(Re)Ordering the Gods. The Mythographic Web through Times
Online Workshop, Warburg Institute, SAS, University of London
25th-26th November 2021
Names and epithets, historical facts, images and attributes, rituals and monuments, bibliographical data, textual fragments, allegories, plants, places and recipes: these are samples of the wide material that the mythographic tradition deals with. How organise it? What data to choose, how to present it and what for?
This workshop will question the different forms of mythographic compilation. Many of them baffle our sense of order and classification. Interminable lists, crowded catalogues, fanciful genealogies, images saturated with symbols are far from the arborescent model that has organised knowledge since the Enlightenment, and it is tempting to close the case by referring to them as confused bundles.
We know, however, that the formatting of information plays a determining role in its meaning. By orchestrating the collection of ancient texts and/or images, by assigning an order to them, by transmitting certain sources or motives rather than others, and thus arranging different circulations in the treasure of ancient knowledge, the mythographic tradition presents itself as a creative enterprise. Manipulation makes sense. Reorder means updating and, to a certain extent, recreating the ancient heritage. Indeed, it could be argued that compilation is a form of thought and representation inherent in mythological creation, even in its artistic forms. Homer’s poems are themselves based on different modes of assemblage, and, as Ovid’s Metamorphoses, they were received as a mythographic encyclopaedia up to the threshold of the eighteenth century.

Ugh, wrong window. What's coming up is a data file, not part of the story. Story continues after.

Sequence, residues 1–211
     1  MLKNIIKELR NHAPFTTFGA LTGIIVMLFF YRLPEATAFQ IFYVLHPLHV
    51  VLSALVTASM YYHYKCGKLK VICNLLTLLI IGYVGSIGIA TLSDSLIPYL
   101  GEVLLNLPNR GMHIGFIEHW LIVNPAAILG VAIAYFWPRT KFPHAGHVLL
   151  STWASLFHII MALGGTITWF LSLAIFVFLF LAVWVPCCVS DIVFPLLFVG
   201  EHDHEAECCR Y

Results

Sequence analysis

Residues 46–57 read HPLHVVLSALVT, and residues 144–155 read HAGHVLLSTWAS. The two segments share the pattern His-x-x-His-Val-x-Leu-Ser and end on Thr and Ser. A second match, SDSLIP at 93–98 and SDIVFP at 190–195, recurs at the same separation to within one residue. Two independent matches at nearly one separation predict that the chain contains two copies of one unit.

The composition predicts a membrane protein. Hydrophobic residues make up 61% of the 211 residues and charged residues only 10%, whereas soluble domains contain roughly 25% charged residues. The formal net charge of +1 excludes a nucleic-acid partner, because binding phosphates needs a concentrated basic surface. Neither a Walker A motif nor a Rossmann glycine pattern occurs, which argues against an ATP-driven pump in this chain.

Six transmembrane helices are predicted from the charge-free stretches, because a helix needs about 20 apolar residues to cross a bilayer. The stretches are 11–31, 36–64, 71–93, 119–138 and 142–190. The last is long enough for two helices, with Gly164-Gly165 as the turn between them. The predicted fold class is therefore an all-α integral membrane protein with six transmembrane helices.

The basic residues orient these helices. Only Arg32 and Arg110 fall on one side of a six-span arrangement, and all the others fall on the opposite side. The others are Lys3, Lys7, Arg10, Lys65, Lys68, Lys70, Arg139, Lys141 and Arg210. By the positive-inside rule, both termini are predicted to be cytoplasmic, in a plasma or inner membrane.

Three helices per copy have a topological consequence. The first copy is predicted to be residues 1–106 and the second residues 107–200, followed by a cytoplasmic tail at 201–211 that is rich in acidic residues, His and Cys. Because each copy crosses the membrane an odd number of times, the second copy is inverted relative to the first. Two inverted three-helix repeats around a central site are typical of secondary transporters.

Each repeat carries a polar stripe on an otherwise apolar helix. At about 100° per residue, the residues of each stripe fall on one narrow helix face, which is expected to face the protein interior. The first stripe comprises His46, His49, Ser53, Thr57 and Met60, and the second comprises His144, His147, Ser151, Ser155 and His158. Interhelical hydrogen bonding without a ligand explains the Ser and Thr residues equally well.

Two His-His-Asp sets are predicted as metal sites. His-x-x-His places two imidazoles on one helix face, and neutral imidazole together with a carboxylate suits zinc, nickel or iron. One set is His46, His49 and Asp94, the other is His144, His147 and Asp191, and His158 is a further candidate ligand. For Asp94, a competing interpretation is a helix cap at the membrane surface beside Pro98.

By visiting some of the compilation models developed since Antiquity, we will question the ways in which they re-arrange and give new meanings to the ancient pantheon. Poetics, iconology, hermeneutic and anthropology are intimately linked here. How could we describe the forms of mythographic compilation? What mental procedures underlie them? What intellectual operations do they require of their users/readers? To what extent a conception of the order of things can be read through their specific arrangement of data, how do they reflect a specific state of culture? These issues need to be raised through images and texts. Although these two domains obey their own logic, an important part of mythographic production is found at their interface, from the textual description of ancient works of art to the conception of new iconographic programs based on mythographic sums. Thus, we will be able to explore their specificities and connections through time.